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"We didn't even know how to scoop ice cream," Elbow says. "The first one that one of the young guys filled up looked like the Matterhorn." It's a good-natured reference to the towering dessert at nearby Andre's.
Elbow grew up in Liberty, where ice cream came from Baskin-Robbins, Dairy Queen or the porch of his childhood home. He remembers churning the black-handled crank on his family's White Mountain ice-cream machine for hours, with neighborhood kids taking turns until their forearms began to burn, all for the magic instant when dessert was apportioned directly from the beater. On Saturday mornings, he plopped in front of the television to watch Great Chefs instead of cartoons.
"The show was broken up into appetizer, entrée and dessert," he says. "And I could never wait for them to get to the dessert."
But if it's television, a meal or a career, it always seems to start with appetizers. Elbow found that out when he took his first kitchen job, at the Lincoln Country Club. Executive chef Mike Miller saw something in the University of Nebraska undergraduate with no kitchen experience.
"I told him I'd work for free," Elbow says. "Thankfully, he didn't take me up on that offer."
Elbow worked at the country club for two and a half years, learning each station and discovering how to deal with the stress of being on the line. After graduation in 1996, he intended to go to culinary school, but the allure of a job in the kitchen at Shiraz (which closed in 2008, after 14 years in business) and being closer to home brought him to Kansas City.
Shiraz was Elbow's first taste of the Crossroads. Owner Ali Shirazi, a native of Iran, introduced him to Persian spices over the six-burner stove wedged in the back. Elbow wasn't yet making chocolate, but he began to experiment with sorbet and ice cream. Saffron and black pepper were some of his early attempts to push his own boundaries and those of Shiraz's diners.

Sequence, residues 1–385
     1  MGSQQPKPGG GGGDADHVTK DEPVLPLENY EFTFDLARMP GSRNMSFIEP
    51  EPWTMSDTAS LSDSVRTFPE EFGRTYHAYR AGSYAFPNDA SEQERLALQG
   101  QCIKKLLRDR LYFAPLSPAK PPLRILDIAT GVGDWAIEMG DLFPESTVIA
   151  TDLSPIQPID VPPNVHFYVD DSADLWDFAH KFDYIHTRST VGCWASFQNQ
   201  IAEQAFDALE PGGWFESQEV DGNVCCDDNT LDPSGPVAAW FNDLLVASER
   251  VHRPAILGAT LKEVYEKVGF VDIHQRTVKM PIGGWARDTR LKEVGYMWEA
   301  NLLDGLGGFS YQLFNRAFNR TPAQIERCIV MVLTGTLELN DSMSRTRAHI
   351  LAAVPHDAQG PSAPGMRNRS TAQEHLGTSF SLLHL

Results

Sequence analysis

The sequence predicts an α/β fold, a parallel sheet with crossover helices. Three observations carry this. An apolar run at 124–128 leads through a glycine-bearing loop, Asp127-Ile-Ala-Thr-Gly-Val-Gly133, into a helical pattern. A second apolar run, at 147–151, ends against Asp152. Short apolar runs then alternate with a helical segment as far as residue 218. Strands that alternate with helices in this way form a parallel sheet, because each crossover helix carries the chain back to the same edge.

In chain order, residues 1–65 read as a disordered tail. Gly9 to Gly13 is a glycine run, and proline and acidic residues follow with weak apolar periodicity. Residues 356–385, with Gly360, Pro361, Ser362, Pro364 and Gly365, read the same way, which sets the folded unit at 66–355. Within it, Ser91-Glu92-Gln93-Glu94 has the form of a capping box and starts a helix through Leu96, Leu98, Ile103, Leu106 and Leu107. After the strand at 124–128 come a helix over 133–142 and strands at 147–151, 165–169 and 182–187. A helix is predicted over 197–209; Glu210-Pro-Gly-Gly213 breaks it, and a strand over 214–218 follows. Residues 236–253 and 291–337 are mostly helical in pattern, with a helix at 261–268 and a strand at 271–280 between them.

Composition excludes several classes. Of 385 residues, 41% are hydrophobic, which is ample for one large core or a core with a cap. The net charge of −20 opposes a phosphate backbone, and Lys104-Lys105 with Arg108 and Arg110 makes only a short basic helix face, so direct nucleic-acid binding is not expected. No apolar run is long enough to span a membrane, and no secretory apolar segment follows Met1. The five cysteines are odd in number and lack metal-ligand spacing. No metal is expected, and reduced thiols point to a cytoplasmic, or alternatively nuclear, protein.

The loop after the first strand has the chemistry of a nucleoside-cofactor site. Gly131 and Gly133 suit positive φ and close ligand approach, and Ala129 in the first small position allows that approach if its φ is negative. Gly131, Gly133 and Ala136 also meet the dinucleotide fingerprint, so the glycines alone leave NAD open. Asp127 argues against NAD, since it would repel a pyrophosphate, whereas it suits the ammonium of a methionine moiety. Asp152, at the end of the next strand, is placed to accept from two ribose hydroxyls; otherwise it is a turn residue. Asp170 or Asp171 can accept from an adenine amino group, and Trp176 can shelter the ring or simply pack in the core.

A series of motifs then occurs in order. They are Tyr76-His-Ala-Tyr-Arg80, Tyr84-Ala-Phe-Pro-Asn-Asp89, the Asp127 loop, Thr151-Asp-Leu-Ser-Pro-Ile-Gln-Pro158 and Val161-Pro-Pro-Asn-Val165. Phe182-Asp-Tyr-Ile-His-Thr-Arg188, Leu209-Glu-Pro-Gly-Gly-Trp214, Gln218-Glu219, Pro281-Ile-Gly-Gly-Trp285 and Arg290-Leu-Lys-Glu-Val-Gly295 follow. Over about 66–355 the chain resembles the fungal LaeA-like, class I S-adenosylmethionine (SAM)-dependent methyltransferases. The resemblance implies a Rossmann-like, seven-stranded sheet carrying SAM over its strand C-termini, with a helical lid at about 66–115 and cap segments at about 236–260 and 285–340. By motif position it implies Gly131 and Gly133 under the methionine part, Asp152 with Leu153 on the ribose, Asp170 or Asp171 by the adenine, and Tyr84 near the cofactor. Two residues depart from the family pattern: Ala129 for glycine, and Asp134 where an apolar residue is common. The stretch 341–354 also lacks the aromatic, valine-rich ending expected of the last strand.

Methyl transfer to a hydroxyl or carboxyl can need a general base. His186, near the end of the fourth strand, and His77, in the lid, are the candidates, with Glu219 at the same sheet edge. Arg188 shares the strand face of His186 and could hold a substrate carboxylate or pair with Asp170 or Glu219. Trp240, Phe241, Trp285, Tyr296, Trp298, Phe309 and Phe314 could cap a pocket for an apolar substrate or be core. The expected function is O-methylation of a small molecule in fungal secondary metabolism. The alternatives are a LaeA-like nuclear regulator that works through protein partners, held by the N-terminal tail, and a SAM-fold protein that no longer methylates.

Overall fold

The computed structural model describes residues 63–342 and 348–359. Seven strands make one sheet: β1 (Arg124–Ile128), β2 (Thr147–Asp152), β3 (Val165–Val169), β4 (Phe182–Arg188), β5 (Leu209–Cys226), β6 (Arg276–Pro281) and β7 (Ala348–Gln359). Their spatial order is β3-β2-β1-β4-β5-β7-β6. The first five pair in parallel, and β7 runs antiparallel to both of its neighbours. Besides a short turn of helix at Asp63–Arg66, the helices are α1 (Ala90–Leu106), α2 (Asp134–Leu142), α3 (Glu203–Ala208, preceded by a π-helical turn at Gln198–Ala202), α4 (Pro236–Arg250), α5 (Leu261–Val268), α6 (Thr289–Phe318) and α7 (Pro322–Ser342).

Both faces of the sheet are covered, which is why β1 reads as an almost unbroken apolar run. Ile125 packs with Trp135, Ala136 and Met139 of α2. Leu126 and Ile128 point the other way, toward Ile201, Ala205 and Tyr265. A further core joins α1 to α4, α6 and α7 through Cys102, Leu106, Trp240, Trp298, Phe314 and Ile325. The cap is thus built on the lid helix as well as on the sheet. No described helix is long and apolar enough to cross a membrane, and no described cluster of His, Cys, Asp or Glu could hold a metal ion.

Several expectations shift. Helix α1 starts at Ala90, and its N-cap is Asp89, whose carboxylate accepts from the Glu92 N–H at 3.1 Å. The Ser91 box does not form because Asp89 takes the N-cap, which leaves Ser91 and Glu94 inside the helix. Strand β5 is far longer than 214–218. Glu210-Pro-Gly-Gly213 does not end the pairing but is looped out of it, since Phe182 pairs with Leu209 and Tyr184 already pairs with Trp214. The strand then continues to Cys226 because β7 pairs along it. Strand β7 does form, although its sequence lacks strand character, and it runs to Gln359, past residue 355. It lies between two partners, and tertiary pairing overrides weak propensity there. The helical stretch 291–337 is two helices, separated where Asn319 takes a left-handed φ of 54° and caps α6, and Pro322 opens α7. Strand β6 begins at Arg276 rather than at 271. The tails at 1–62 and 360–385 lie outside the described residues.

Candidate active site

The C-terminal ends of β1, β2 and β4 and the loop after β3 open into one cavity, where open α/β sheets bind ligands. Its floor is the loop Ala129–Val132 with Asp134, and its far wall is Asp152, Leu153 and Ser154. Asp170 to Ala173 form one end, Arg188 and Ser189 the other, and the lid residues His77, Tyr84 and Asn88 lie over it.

He'd been at Shiraz almost three years when his father guided his career in a new direction. While on vacation, David Elbow was having dinner with Christopher's mother, Linda, at Emeril's in Las Vegas. Elbow told the general manager that his son was a chef. Emeril Lagasse was preparing to open Delmonico Steakhouse at the Venetian and was hiring. Christopher Elbow called the manager and sent a resumé. A week later, he was driving his Toyota pickup and a U-Haul trailer to Las Vegas.
He shared an apartment just off the strip with a roommate from Liberty High School who, two weeks earlier, had secured a position in the nightly show at Treasure Island. The role: pirate. Elbow's friend was in the process of growing a curlicue mustache.
"I was there a year on the nose, and that was probably nine months too long," Elbow says. "He's still a pirate to this day."
While still at Delmonico, Elbow took a second shift under chef Jean Joho at the brand-new Eiffel Tower Restaurant in the Paris Hotel. It was there that he learned to make chocolates from a French pastry chef in a kitchen that served up 200 soufflés a night, in seven flavors.
"It was brutal, but I discovered I could cook in a kitchen with people who had gone to culinary school," Elbow says.
Do you have toilet paper?" asks Pamela Henry, environmental compliance manager with the Johnson County Environmental Department. It's 11:06 a.m., and she has just checked the temperature of the ice-cream freezer and noted her findings in a small voice recorder.